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Here's everything you need to know about the National Christmas Tree Lighting

This time-honored American tradition features a brand new tree, 8 performances and --of course-- road closures.

WASHINGTON — One of the most controversial opinions this time of year is when it's appropriate to start getting in the holiday mood. Some put a ban on all carols and holiday movies until after Thanksgiving, and others say December is the official season kick-off. 

Of course, there's always a Scrooge or two who refuses to acknowledge the most wonderful time of the year, ever. 

But here in D.C., it's officially the holidays once the National Christmas Tree gets lit, and Thursday is that day. 

Sure, you'll freeze your tail off and traffic will be a nightmare with road closures, but the thousands of twinkle lights illuminating the Ellipse in President’s Park should put a smile on even the Scroogiest of faces. 

This year, the star of the show -- aka the National Christmas Tree -- is a rookie. A 30-foot Colorado blue spruce from Palmyra, Pa will be lit for the first time on Dec. 5. The tree was planted in D.C. in late October and has been cared for by National Park Service since. This has been the tradition since 1973. 

The previous tree, a Colorado blue spruce from Virginia, was planted in 2012, but it was damaged last year when a man tried to climb it. 

RELATED: Man climbs National Christmas tree in DC 4 days before Christmas

Credit: NPS
The new tree is a 30-foot Colorado blue spruce from Palmyra, Pa. that was planted on the Ellipse in President’s Park on Oct. 26.

The tree has been lit by the sitting president every year since Calvin Coolidge lit a 48-foot Balsam Fir from Vermont on Christmas Eve in 1923.

Fifty-six trees decorated with handmade ornaments surround the National Christmas Tree representing all U.S. states and territories.

The main event starts at 5 p.m., and performers include Jessie James Decker, Spensha Baker, Colton Dixon, Max Impact, Chevel Shepherd, Tucson Arizona Boys Chorus, The United States Marine Band and West Tennesse Youth Chorus.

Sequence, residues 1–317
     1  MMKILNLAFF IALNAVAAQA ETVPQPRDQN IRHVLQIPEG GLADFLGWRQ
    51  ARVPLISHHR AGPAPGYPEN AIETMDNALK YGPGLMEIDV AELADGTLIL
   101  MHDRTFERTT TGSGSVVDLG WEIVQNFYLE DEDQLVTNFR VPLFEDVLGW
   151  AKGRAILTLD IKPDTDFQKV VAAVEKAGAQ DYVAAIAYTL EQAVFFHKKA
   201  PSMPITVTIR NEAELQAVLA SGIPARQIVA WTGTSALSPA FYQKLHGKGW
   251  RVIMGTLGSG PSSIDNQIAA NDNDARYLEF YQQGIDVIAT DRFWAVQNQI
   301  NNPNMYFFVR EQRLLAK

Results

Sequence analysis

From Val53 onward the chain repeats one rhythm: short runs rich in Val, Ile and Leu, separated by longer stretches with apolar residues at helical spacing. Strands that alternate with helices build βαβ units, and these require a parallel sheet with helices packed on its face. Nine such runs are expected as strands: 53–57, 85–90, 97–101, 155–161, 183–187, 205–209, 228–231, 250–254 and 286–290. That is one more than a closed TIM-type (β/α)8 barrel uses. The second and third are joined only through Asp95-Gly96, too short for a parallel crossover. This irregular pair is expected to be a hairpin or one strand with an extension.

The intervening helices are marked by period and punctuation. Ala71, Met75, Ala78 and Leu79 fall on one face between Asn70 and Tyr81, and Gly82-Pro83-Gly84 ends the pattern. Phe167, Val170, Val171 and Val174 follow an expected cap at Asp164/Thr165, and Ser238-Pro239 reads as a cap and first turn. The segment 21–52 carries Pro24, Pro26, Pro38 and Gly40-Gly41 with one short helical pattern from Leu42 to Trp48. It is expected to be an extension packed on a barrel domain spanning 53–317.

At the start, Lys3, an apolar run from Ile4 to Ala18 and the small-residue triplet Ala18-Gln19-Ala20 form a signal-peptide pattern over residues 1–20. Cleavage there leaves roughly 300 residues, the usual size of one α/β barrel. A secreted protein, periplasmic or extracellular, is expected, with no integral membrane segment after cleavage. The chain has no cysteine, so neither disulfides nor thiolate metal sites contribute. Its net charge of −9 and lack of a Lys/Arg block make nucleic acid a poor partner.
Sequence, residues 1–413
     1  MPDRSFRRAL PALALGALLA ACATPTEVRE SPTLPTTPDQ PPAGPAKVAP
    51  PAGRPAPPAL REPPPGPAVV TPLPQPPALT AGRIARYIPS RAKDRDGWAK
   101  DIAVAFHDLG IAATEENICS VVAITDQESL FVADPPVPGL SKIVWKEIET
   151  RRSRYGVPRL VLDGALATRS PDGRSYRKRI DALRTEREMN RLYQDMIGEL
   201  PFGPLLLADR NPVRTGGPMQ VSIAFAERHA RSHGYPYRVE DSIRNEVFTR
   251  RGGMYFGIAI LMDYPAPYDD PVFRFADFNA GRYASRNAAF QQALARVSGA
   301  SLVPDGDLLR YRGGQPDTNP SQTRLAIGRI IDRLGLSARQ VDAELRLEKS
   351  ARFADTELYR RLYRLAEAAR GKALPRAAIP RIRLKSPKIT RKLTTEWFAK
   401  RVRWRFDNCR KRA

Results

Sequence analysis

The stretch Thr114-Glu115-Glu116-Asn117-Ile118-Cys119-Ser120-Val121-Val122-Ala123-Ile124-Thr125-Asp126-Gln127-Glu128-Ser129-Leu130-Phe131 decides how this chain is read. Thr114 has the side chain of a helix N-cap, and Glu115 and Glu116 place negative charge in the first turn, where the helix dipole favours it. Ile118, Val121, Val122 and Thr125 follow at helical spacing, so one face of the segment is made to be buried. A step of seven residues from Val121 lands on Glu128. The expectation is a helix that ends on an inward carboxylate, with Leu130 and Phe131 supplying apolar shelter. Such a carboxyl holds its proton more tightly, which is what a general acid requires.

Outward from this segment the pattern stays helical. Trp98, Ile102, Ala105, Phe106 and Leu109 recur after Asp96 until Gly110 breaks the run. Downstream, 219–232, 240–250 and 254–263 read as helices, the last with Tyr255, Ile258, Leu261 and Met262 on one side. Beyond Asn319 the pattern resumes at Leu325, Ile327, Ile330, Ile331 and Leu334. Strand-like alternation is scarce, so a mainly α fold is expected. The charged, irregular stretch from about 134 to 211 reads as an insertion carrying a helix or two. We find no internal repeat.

Roads closed from 1 p.m. to 8 p.m.

  • 17th Street between Pennsylvania Avenue and Independence Avenue, SW
  • C Street between 17th Street and 18th Street, NW
  • D Street between 17th Street and 18th Street, NW
  • E Street between 17th Street and 18th Street, NW
  • F Street between 17th Street and 18th Street, NW
  • G Street between 17th Street and 18th Street, NW
  • New York Avenue between 17th Street and 18th Streets, NW
  • Constitution Avenue between 18th Street and 14th Street, NW
  • 15th Street between H Street and Madison Drive, NW (Traffic will be allowed to flow south on 15th Street from Madison Drive)
  • Pennsylvania Avenue between 14th Street and 15th Street, NW
  • E Street between 14th Street and 15th Street, NW
  • F Street between 14th Street and 15th Street, NW
  • G Street between 14th Street and 15th Street, NW
  • New York Avenue between 14th Street and 15th Street, NW

Parking will be limited in the area, and attendees are encouraged to use public transportation. The Farragut North and West Metro stations are closest to the event. The entrance will be on 17th Street NW across from E Street NW. 

The current weather forecast for Thursday shows a mostly sunny, breezy day with highs between 46 and 51. 

The lights can be seen through Jan. 1 2020 from 4:30 p.m. to 10 p.m. Sunday-Thursday and 4:30 p.m. to 11 p.m. on Fridays and Saturdays. Free 30-minute concerts and dance performances take place on the Ellipse stage Dec. 11-15 and Dec. 17- 22. 

RELATED: First Lady Melania Trump reveals White House Christmas decorations

RELATED: White House Christmas tree to be delivered on Monday

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